Stallworth also wears an afro, which comes off as a bold symbol of pride as the first black officer in Colorado Springs precinct. Rather than try to conform, Stallworth’s appearance signals other changes in the office culture he brings to the force.
“John David [Washington]’s wig was made by myself and Chantell Carrtherol,” Pierre-Weston said. “She ventilated a few inches of his hairline and I just tracked the rest and colored it, picked it out. Shaun Perkins is my key. He really helped to shape the wig and give it that perfect roundness that we wanted.”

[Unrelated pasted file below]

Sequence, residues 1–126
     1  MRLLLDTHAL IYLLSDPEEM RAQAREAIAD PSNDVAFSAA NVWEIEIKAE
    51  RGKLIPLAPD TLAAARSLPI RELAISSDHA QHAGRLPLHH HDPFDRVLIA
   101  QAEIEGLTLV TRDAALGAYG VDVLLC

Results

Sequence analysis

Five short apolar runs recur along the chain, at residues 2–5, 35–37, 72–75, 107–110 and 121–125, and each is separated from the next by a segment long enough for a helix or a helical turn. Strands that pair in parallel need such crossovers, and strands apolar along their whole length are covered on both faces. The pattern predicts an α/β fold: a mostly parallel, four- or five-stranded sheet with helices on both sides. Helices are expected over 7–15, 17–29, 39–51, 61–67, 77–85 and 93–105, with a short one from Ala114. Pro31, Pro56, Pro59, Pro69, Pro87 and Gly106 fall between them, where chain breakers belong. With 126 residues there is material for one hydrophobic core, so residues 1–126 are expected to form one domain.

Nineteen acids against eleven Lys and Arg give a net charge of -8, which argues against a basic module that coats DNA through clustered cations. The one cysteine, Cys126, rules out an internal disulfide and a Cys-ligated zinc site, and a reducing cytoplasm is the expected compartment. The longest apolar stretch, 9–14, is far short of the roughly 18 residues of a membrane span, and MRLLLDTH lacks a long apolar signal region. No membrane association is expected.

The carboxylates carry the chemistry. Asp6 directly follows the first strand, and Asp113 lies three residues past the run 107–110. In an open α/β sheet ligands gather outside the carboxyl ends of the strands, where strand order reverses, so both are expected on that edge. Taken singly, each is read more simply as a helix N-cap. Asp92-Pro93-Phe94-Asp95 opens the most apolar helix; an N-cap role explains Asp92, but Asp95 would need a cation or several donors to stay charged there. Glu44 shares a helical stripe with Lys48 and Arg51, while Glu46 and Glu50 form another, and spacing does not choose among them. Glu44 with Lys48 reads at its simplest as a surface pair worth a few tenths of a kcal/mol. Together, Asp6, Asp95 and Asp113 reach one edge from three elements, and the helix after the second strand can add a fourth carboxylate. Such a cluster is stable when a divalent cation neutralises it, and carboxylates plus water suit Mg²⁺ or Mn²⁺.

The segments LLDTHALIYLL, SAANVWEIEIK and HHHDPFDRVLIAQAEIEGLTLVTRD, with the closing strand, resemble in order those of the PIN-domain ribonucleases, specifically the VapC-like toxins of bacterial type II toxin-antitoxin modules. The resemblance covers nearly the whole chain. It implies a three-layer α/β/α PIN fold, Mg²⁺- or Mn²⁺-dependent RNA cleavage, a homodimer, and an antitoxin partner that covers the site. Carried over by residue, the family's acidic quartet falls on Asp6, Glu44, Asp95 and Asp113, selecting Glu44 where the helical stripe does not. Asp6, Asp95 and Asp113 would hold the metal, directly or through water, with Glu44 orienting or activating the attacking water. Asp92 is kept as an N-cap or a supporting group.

Melendez engaged in extensive research to recreate the era of the story. In addition to speaking directly with the real-life Ron Stallworth, she delved into online archives and yearbooks. Still, she faced a particular challenge with the time gap in being able to recreate 70s style makeup.
“The products for makeup were very different than the products we have today,” Melendez explained. “For caramel to dark skin, things were very limited. Things were very ashy or had green undertones. The colors weren’t friendly for darker skin or caramel looking skin. I’m very thankful we have now a plethora of products out there that there is something for everyone. Yet, we can’t make it look like it’s today.”
Melendez and her team were constrained by the more limited products available in the 70s. They had to be careful about their design and application to remain faithful to the era.